The family owners of The Highlands Inn, Uckfield, and The Cock Inn, Ringmer, are shocked by the scale of business rates rises facing them.
Director Ian Ridley says the rateable value is more than quadrupling for The Highlands to £133,000 – and rising to £59,000 for The Cock – with the rates payable, calculated as the uniform business rate multiplied by the rateable value, being around £63,707 and £28,261 respectively based on the suggested UBR for 2017/8.
That is on top of other huge tax payments made by the businesses trading as Ridley Inns.
He says that in the last financial year the two pubs gave employment to 75 people, generated £300,000 in net VAT paid to the Government, paid £65,000 in payroll taxes, will pay £53,000 in corporation tax and already pay £35,000 in business rates.
He has written to Wealden MP Nus Ghani and Lewes MP Maria Caulfield asking them to champion the cause of the SME and bring about a common sense review of the “draconian and damaging increase”.
Mr Ridley tells the MPs that the family business invested heavily in October 2014, with landlord Spirit Leasing, in acquiring and refurbishing in The Highlands.
He says this was previously a failing managed house which had seen a succession of short term managers drive the business into the ground and adds: “Using our reputation from The Cock, we convinced Spirit Leasing that we could turn around this business, providing employment and a much needed venue for the local community.”
Since then they have personally spent more than £300,000 on refurbishing the pub and they are still investing in improvements.
Mr Ridley says the pub was an immediate success and continues to flourish, alongside its sister pub in Ringmer.
He continues saying that over the 11 years they have owned The Cock they had seen a never-ending assault on the traditional English pub from a succession of legislation and “stealth” taxes, which had decimated the industry.
He says in his letters: “The Prime Minister recently talked about making the UK the lowest corporation tax zone in Europe. What empty words these are when you take into account how small businesses are being penalised by employment legislation and by increases in business and personal taxation.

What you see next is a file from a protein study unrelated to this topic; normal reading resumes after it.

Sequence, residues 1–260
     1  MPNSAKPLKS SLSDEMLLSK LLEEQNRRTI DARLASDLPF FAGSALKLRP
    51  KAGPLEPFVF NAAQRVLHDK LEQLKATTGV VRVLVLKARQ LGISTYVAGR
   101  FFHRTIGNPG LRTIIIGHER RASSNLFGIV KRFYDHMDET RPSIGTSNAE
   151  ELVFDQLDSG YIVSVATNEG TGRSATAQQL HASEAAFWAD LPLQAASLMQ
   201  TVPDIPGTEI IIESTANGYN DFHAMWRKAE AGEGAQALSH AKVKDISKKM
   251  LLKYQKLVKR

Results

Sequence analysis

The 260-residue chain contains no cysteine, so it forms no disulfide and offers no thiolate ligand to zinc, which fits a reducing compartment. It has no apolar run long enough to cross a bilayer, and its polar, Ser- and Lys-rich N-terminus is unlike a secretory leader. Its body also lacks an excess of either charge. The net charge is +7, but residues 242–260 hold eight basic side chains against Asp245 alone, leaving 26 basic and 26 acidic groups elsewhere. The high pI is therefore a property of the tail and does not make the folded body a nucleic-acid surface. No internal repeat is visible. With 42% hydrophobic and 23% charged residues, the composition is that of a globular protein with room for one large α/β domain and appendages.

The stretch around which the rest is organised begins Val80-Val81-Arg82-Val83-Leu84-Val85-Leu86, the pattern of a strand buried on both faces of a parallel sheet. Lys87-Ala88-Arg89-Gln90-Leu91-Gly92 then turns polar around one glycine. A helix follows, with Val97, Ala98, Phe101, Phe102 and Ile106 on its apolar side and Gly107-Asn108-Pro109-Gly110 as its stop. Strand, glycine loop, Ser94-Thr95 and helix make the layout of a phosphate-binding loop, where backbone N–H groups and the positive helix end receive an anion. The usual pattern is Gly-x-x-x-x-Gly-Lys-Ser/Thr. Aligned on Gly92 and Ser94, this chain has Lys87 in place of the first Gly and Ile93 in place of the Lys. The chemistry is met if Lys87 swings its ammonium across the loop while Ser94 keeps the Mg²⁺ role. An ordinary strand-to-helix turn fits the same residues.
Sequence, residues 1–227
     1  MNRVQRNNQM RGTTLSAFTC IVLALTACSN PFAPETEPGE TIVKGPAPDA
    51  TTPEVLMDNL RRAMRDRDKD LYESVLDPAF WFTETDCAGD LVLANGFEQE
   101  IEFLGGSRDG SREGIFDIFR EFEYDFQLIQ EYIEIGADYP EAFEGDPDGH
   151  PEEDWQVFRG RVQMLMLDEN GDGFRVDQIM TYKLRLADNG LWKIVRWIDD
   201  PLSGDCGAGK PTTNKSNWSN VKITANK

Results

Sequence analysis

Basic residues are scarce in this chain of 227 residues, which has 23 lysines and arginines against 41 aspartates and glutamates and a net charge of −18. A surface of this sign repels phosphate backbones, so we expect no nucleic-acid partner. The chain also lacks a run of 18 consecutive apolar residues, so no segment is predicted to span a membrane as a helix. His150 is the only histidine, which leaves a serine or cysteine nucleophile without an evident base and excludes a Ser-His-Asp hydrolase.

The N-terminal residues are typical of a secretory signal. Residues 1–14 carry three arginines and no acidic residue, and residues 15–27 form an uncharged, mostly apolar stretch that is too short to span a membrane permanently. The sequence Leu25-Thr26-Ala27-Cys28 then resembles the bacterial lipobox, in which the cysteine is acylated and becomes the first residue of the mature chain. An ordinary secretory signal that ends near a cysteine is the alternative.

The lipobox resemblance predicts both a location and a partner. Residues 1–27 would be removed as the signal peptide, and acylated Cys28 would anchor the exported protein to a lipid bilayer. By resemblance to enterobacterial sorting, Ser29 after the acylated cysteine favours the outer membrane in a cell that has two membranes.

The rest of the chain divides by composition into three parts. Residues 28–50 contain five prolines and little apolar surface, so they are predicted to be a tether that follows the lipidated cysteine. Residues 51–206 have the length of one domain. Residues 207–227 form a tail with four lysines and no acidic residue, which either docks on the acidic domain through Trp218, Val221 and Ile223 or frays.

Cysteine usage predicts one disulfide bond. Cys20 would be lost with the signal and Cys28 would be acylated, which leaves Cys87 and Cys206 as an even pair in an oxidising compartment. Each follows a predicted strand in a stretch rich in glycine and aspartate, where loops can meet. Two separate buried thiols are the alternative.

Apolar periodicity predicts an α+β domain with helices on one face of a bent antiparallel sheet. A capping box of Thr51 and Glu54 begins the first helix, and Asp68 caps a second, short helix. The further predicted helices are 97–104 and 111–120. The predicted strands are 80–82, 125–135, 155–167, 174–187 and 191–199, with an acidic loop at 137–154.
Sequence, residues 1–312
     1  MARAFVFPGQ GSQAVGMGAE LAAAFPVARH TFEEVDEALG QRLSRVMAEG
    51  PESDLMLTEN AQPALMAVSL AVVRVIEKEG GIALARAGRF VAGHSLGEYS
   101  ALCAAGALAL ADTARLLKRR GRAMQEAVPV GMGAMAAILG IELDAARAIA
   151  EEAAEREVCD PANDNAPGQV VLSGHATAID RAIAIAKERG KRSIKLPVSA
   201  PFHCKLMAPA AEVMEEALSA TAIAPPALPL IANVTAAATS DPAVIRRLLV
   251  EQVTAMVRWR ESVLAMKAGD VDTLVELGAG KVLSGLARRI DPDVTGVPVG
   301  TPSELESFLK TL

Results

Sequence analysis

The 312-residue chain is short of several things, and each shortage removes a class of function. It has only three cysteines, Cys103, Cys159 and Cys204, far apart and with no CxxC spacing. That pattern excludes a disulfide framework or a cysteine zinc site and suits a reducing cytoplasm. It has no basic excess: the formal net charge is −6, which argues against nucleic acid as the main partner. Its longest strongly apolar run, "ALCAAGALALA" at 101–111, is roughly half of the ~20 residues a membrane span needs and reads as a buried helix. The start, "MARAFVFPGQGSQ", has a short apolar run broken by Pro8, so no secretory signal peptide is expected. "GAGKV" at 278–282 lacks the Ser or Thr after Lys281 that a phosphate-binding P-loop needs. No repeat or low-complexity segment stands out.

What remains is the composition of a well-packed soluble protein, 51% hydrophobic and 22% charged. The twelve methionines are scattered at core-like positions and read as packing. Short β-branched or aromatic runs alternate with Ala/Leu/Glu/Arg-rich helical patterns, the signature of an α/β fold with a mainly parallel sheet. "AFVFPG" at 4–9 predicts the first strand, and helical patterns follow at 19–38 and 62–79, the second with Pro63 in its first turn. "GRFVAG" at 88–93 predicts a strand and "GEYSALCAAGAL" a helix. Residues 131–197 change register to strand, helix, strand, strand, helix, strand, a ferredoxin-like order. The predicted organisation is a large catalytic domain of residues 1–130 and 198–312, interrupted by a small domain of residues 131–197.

“The risk/reward ratio that encourages entrepreneurs, such as myself, to create employment and wealth in their local communities, is being fast eroded.
“It is about time that Government understood the acorn to oak tree analogy. If the incentive is not there to encourage business founders to create employment and wealth in their communities, how is the country going to survive?
“Forget about Brexit, this is about the fundamental principles of how an economy works.”
Both MPs have acknowledged Mr Ridley’s letters and Maria Caulfield has forwarded a response from the Valuation Office Agency which says that when setting rates for a pub the assumption is made that the business is carried out competently by the publican responding to normal trading practices and competition in the local area.
The physical characteristics of the pub, and the facilities and features of the premises, which would influence trading potential and rental values are taken into consideration.
The Valuation Office says: “I appreciate that Mr Ridley is unhappy with the 2017 draft rateable values for his two businesses but they have been valued in line with the 2017 Approved Guide to the Rating Valuation of Public Houses.
“Mr Ridley can, should he wish, start the process to formally challenge his 2017 rateable value from April 1, 2017.”
Mr Ridley says the response from the ValuationOffice highlights “the arrogance and intransigence of the VoA and the complete disregard for simple business economics”.
He is now waiting to see what pressure the two MPs will put on their colleagues in the House of Commons.
Adam Laraway comments on the Uckfield News Facebook page: “Business should stop paying these outrageous taxes how many could be employed with that money.”
Helen Stapleton says: “To be fair I don’t really think that not paying the rates increase would increase the number of staff? It’s not a logical progression. However, I totally agree it’s outrageous for a family business to be expected to pay a huge increase such as that.”
Linda Forde says: “That’s absolutely outrageous, how do they expect businesses to survive?”
Simon Kane says: “That level of increase is just not acceptable…how can a family business be expected to absorb that…”